Saturday, 16 March 2019

Technology and Industry Development

 Construction Industry Development

While the idea of technological disruption is now widely known, and with it the division of the economy into sunrise and sunset industries, the idea of a technological trajectory, or direction of development, is also important. Over time industries and products evolve and develop as their underlying knowledge base and technological capabilities increase. The starting point for a cycle of development is typically a new invention, something that is significant enough to lead to fundamental changes in demand (type and number of buildings), design (opportunities materials offer), or delivery (project management). This sort of invention gives a ‘technological shock’ to an existing system of production, and leads to a transition period where the firms involved have to adjust to a new business environment, which in turn usually leads to a restructuring and consolidation of the industry. General purpose technologies like steam, electricity or the internal combustion engine are rare, creating new industries and restructuring mature ones. Intelligent machines and artificial intelligence (AI) are a new general purpose technology, as were computers 60 years ago. Agarwal et al. (2016) look at AI in construction.

Major new technologies take time to diffuse through the economy because they require parallel changes in forms of organisation, methods of production and patterns of consumption. These are the three dimensions of development in an industry, shown in Table 1. Investment in upgrading machinery and equipment happens as cost/performance payoffs improve and old assets get replaced. New technologies are ‘embodied’ in new physical capital, in the way an old car incorporates the technology of two decades ago, when it was made. Digital platforms evolve much faster than physical assets.




There is a relationship between technological change, conceptual thinking and organisational form. The driver of these changes is technology, or more precisely new technology that fundamentally
changes existing industry practices and delivers a shock to the existing system. In the second half of the 19th century, with the advent of iron-framed and reinforced concrete buildings, the construction industry had to not only master the use of these new materials but also develop the project management skills the new technology required. The effects of technological change on industry structure and performance might plausibly again be in the same key areas as the organisation of projects and the mechanisation of processes, but in the twenty-first century these effects will be heightened and quickened by the network effects associated with digital platforms and artificial intelligence.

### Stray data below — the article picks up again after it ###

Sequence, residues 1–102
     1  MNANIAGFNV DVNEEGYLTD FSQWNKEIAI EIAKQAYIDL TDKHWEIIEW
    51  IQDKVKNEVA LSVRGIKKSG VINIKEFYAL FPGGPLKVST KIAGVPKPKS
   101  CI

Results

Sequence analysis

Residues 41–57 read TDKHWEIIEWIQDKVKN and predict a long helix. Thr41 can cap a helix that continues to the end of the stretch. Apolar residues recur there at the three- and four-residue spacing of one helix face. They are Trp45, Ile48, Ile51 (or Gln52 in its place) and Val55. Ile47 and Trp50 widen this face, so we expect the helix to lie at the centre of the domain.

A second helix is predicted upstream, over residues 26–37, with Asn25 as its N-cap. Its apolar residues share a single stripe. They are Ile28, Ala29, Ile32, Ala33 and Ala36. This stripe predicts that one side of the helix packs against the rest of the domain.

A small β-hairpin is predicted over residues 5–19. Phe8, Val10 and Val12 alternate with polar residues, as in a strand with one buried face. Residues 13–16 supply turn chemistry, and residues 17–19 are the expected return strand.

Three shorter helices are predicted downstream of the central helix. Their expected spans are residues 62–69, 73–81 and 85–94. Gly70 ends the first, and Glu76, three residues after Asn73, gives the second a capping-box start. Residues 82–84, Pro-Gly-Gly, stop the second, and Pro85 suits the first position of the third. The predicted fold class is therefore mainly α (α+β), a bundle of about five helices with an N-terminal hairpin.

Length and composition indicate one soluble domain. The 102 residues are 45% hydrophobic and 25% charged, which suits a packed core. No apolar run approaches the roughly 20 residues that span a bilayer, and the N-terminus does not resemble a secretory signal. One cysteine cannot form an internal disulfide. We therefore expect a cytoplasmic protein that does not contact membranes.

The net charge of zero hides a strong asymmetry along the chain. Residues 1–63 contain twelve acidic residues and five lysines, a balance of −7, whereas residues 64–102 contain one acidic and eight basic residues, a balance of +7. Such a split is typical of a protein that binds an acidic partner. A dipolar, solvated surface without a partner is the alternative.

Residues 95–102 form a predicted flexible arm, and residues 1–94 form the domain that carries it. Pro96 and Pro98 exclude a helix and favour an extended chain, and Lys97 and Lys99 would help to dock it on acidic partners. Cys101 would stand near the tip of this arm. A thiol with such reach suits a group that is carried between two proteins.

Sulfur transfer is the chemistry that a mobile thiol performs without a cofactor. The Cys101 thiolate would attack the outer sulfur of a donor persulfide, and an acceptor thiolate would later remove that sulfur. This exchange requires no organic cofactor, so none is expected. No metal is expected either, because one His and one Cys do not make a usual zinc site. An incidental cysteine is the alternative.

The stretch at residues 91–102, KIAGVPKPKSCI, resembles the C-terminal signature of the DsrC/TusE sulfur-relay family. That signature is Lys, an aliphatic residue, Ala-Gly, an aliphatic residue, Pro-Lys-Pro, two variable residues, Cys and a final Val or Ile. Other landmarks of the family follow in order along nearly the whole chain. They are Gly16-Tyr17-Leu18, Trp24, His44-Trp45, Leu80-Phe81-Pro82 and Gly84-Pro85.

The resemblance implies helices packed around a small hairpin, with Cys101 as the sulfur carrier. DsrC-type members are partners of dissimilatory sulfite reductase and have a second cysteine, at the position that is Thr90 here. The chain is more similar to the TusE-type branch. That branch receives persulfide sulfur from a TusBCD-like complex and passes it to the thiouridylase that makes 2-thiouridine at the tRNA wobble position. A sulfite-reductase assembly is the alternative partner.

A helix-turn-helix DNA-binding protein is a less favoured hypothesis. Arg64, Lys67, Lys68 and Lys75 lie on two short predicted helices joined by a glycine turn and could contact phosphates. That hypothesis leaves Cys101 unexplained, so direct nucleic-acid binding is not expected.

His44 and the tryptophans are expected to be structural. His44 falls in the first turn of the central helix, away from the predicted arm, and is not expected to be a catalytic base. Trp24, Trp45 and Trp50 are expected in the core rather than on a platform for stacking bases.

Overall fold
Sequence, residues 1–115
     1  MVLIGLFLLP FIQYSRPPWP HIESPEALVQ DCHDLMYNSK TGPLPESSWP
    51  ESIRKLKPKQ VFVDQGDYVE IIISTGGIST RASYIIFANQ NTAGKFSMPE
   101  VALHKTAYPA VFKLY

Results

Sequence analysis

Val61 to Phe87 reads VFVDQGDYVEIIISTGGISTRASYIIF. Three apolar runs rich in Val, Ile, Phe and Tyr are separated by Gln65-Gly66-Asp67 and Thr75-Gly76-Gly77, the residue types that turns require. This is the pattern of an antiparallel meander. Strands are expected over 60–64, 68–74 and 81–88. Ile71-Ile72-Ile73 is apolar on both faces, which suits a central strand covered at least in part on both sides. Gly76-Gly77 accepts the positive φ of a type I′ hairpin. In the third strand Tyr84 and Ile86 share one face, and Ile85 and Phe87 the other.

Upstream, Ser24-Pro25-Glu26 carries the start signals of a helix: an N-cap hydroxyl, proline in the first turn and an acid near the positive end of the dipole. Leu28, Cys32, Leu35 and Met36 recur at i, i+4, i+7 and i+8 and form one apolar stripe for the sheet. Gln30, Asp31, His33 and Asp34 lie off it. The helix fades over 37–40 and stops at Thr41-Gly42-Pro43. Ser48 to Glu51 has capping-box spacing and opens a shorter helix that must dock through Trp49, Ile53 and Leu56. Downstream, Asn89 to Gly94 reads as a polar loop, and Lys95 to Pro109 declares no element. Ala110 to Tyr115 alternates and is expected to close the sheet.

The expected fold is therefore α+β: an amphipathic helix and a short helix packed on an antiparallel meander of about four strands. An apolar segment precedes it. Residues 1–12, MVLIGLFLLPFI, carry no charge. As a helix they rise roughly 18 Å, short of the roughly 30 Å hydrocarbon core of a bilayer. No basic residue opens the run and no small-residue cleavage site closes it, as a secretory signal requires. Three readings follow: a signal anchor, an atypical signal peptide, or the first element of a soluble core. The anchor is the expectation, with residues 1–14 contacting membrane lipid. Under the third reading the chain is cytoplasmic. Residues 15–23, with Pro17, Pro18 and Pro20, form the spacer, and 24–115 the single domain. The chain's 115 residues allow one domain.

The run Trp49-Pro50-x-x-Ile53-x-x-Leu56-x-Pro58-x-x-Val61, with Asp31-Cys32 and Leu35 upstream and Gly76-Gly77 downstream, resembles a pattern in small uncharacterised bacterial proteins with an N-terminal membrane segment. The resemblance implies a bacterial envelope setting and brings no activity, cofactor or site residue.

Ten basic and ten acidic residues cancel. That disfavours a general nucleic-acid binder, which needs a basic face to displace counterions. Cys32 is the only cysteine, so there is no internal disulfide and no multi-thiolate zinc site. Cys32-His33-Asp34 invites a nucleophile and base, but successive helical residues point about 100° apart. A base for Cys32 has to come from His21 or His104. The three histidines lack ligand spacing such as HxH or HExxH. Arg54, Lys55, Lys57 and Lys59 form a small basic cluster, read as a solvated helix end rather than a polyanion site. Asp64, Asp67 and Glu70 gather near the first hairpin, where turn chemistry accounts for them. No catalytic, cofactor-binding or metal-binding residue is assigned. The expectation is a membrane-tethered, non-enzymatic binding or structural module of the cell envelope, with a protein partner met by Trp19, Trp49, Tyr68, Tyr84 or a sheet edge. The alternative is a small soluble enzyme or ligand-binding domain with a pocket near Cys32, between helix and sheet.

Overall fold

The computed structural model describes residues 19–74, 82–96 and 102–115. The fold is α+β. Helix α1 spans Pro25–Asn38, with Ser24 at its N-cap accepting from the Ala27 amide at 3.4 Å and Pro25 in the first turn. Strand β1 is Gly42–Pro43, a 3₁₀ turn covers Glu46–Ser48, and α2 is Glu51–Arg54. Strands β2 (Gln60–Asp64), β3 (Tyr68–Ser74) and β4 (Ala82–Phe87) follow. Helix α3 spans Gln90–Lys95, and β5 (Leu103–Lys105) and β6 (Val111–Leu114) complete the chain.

Construction Technology Developments

The Shaping the Future of Construction report (WEF/BCG 2016), which is now two years old, included many snapshots of what a range of firms at the technological frontier were doing, shown in Table 2 below. Based on these examples, the level of technology used in construction, compared to advanced manufacturing techniques in 2016, is well behind. Companies in the aerospace or automotive industries have developed their automated factories, integration capabilities and use of new materials like carbon fibre. Adidas makes 300 million shoes a year and in 2017 opened a fully automated factory in Germany. There are many examples. The lag is primarily due to the dynamic of a project-based industry, where it is hard for contractors and consultants to spread costs incurred with innovation across projects. Consequently, the manufacturers and suppliers of building and construction products, machinery and equipment do most of the research and innovation because they, like car companies, can spread the development costs over many clients. The role of contractors is to seek efficiencies in delivery, as the examples above show. What these examples also show is that the gap between the industry’s larger, leading edge firms and SMEs is growing, and can be expected to increase because the great majority of smaller firms cannot innovate as fast or as effectively as larger firms.